Pacific Gas’s corporate bonds are rated Baa2 by Moody’s Investors Service, BBB by Standard & Poor’s and BBB+ by Fitch, in the lower third of 10 investment-grade ratings. California’s debt is rated A3 by Moody’s and A by S&P in the middle tier of the investment grades.
Pacific Gas’s ratings fell as low as B3 at Moody’s, six levels below investment grade, following the energy crisis. S&P cut the rating to D, indicating the company defaulted on some of its debt. The ratings were in the middle tier of investment-grade as late as January 2001.
Because they have higher credit ratings, the bonds being offered will yield less than other Pacific Gas debt securities. The 4.14 yield for the five-year AAA rated bond is less than the 4.40 percent yield on Pacific Gas’s 4.2 percent notes maturing in 2011, according to Merrill Lynch & Co. pricing data.
Michael Dunlop, manager of structured securities at 40/86 Advisors Inc. in Carmel, Indiana, said he didn’t buy the new Pacific Gas bonds because they yielded too little.
The spread on “everything has gotten to ridiculous levels,” said Dunlop, who manages about $7 billon of assets including asset-backed securities and mortgage bonds.
The debt Pacific Gas sold in March is secured by a first mortgage on utility properties. The 30-year bonds were priced to yield 140 basis points, or 1.40 percentage points, more than U.S. Treasuries of comparable maturity, and the 10-year notes yielded a spread of 109 basis points. The seven-year notes were priced to yield 104 basis points more than Treasuries. The five-year notes priced at a spread of 94 basis points.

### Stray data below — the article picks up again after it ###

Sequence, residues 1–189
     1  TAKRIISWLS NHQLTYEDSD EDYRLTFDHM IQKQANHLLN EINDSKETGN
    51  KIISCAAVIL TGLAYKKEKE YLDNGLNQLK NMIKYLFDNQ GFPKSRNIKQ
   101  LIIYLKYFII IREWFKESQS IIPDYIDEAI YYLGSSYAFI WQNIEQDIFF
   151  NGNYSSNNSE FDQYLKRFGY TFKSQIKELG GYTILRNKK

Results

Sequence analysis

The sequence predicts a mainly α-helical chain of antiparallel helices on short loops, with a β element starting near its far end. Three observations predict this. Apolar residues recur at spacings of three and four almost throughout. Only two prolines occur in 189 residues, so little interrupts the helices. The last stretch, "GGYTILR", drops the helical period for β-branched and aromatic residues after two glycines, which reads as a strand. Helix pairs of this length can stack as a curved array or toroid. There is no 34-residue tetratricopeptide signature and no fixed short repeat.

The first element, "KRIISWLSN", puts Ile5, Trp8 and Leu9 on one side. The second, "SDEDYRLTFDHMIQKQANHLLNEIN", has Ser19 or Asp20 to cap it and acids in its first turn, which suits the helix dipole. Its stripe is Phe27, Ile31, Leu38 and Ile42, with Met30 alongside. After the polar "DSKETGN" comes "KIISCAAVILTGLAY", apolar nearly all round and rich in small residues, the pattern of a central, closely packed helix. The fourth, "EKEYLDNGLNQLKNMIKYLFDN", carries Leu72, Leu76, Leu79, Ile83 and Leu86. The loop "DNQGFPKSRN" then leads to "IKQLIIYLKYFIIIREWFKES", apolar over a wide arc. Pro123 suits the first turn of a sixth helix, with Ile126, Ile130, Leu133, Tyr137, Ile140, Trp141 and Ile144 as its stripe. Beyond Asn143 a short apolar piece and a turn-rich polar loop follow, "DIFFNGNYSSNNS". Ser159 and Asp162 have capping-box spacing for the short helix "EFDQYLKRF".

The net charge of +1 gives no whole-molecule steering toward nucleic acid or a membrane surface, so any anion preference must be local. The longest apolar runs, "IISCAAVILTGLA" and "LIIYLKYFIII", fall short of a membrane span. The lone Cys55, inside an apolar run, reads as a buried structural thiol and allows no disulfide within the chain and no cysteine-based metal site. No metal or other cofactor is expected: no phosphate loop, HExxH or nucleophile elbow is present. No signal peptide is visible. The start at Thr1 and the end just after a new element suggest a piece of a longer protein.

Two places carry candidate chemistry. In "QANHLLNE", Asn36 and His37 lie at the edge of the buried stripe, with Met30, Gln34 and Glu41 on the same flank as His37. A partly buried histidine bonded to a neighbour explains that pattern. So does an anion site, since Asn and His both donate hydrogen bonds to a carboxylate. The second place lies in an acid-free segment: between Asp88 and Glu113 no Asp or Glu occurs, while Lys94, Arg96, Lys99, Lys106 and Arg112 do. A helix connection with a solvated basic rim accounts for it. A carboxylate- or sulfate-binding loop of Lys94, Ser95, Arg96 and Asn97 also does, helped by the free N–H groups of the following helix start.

Other AAA rated asset-backed securities issued by utilities traded at a spread of 42 basis points yesterday, according to Merrill Lynch index data. The bonds have given investors a 0.23 percent return so far this year, including interest payments. During the same period, Treasuries returned 0.71 percent and AAA rated corporate bonds returned 0.58 percent.
The power crisis stemmed from flaws in California’s 1996 deregulation law, which capped rates utilities could charge customers, even as wholesale prices soared as much as 100-fold.
“The wholesale markets were deregulated and wholesale prices skyrocketed,” said Smyth of Fitch. “You can’t sell something at less than what it costs you for very long before you go out of business.”
PG&E shares fell 19 cents to $35.05 as 4:17 p.m. in New York Stock Exchange composite trading. The stock has gained 29 percent in the past year. The shares fell as low as $6.50 on April 9, 2001, the lowest since at least 1986, according to Bloomberg data.
Southern California Edison, the state’s other main utility, averted bankruptcy after regulators allowed it to collect $3.58 billion in power-buying losses with customer surcharges.
On Feb. 3, AAA rated company bonds yielded 61 basis points less that BBB rated company bonds, down from 70 basis points on May 28, according to Merrill data. On Dec. 30, the spread was 53 basis points.
“This is a great deal for investors,” said Joseph Fichera, Chief Executive of Saber Partners LLC, which advises states and businesses on bond sales, said of the Pacific Gas offering. “They bought credit protection very cheaply.”
Fichera, a former investment banker at Bear Stearns Cos. and Smith Barney, said the 26-basis-point difference in yield between Pacific Gas’s top-rated new bonds and its BBB-rated 2011 notes was too narrow. Fichera advised the Texas Public Utilities Commission on the TXU bond sale.
Since May 28, the overall spread for corporate bonds with the highest credit ratings narrowed 7 basis points to 55 basis points, according to Merrill Lynch index data. For similar asset-backed securities sold by utilities, the spread has narrowed 2 basis points to 42 basis points, according to Merrill Lynch.
–With reporting by Dan Taub in Los Angeles. Editor: Pittman, Burgess, Pittman, Goldenberg.